During the early morning hours of Friday, June 20th severe thunderstorms moved across a portion of eastern South Dakota. These severe thunderstorms caused widespread damage of downed trees & power lines, damaged buildings and destroyed crops. Some the damage was quite severe resulting in eight injuries in and around the Ethan area. This paper discusses the damage that resulted from the severe storms that affected Ethan.
On June 20th, a severe thunderstorm warning was issued at 413 am cdt for Davison county. This warning was valid until 445 am cdt and provided a "pathcast" of when & where the storm was forecast. The pathcast mentioned the storm would affect the town of Ethan at 440 am cdt. Reports of tree and building damage in the vicinity of Ethan were first received at 451 am cdt from the Davison county emergency manager, Alan Miller. This report was followed by numerous other reports from the media, as well as the public. Alan Miller later followed up his initial report with succeeding reports of tree and building damage. Based on his training, he concluded the damage was a result of strong straight-line winds. However, the public in the Ethan vicinity was stating to the media that tornado struck the area, so it was decided a National Weather Service (NWS) damage survey should be conducted as soon as possible. Later that morning, NWSFO Sioux Falls Warning Coordination Meteorologist, Todd Heitkamp, was dispatched to Davison county to make an "official" determination of what caused the damage, a tornado or strong straight-line winds.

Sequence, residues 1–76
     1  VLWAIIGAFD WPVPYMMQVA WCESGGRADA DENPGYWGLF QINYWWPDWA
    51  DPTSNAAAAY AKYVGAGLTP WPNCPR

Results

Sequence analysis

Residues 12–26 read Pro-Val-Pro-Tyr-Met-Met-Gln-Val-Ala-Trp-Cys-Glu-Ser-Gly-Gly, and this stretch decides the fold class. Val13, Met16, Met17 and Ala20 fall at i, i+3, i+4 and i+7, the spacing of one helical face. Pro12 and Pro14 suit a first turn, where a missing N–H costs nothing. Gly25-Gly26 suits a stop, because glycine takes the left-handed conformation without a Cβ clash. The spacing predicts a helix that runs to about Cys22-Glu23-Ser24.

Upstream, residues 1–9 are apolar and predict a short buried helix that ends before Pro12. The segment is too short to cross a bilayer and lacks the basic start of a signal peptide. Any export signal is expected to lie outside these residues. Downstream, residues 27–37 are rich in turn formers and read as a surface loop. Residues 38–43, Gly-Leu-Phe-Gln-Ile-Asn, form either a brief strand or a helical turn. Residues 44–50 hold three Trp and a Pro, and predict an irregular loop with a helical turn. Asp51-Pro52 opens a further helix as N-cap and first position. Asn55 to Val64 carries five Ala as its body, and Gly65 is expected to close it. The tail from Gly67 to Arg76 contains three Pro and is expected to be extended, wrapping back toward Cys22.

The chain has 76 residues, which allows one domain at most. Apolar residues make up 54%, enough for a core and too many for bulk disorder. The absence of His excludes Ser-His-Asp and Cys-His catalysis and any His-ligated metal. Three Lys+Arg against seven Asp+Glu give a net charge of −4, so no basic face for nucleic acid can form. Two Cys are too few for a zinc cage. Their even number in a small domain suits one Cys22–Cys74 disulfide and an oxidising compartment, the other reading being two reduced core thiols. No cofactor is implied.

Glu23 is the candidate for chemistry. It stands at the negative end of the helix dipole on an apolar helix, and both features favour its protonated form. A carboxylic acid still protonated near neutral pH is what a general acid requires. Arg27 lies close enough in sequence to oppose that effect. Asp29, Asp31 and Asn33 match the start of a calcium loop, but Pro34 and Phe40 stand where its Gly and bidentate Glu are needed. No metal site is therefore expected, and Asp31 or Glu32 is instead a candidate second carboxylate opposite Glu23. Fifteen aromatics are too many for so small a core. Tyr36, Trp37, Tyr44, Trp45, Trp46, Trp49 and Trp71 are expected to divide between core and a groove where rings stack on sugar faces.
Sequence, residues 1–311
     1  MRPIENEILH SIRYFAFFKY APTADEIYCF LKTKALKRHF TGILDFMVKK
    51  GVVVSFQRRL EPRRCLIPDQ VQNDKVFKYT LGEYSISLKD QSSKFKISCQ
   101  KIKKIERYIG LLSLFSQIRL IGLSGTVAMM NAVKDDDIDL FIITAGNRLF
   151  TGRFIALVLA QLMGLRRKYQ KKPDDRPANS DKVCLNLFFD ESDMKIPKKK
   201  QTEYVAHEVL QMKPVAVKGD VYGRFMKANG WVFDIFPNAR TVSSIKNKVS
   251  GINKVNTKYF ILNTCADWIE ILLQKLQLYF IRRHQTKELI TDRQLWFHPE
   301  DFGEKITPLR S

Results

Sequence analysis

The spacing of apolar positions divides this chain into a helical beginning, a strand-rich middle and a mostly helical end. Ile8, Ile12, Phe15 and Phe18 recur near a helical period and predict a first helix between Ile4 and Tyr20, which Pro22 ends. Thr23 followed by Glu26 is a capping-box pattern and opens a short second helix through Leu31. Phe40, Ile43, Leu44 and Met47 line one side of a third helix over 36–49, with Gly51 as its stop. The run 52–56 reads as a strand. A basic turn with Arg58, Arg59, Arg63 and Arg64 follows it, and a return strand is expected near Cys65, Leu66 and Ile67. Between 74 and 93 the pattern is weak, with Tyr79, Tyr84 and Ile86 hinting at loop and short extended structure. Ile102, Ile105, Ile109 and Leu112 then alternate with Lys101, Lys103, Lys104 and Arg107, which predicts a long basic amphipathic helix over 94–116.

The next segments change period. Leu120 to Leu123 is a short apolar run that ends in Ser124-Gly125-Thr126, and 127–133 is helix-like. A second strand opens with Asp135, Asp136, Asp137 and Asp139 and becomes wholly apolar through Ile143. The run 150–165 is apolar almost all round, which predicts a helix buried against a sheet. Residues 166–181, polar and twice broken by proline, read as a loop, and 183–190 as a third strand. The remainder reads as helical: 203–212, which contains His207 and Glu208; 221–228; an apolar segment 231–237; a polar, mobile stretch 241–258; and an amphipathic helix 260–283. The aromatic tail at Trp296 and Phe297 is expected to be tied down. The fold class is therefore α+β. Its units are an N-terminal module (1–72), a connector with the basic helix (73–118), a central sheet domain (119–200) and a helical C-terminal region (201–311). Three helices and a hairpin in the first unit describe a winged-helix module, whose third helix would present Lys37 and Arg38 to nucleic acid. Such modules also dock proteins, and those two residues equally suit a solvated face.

After exiting I-90 and driving south on SD Highway 27 for six to eight miles, damage to trees and downed power lines was first noticed. The area of the damage was approximately a quarter of mile wide, but continued to the east as far as the eye could see. All the trees and power poles were laying to the east. As I entered the town of Ethan, widespread tree and building damage was visible. Large trees were uprooted and numerous branches were broken with this debris all thrown to the east. Buildings that were open to the west were severely damaged. One storage shelter was destroyed with all of the pieces of the shelter laying head to tail and pointing to the east. Leaves were "pasted" on the west faces of buildings with nothing on the other sides of the buildings. This was caused by strong west winds blowing the wet leaves against the homes. The Ethan lumber yard received extensive damage, as much of the lumber was free and able to become projectiles. All of the debris from the lumber yard was laying to the east. To the west of lumber yard is a grain elevator. The grain elevator itself received little damage, but a storage building close to the elevator, oriented north-south, had an indentation on the westward or windward side. This was caused either by flying debris or the strong wind itself. Crops immediately surrounding Ethan and elsewhere were also severely damaged. The damaged crops and the weeds in the ditch were all laying to the east. Even round hay bails were pushed in an eastward direction and some of the hay was torn from the bails which resulted in a hay trail in many fields. This trail was oriented northwest to southeast.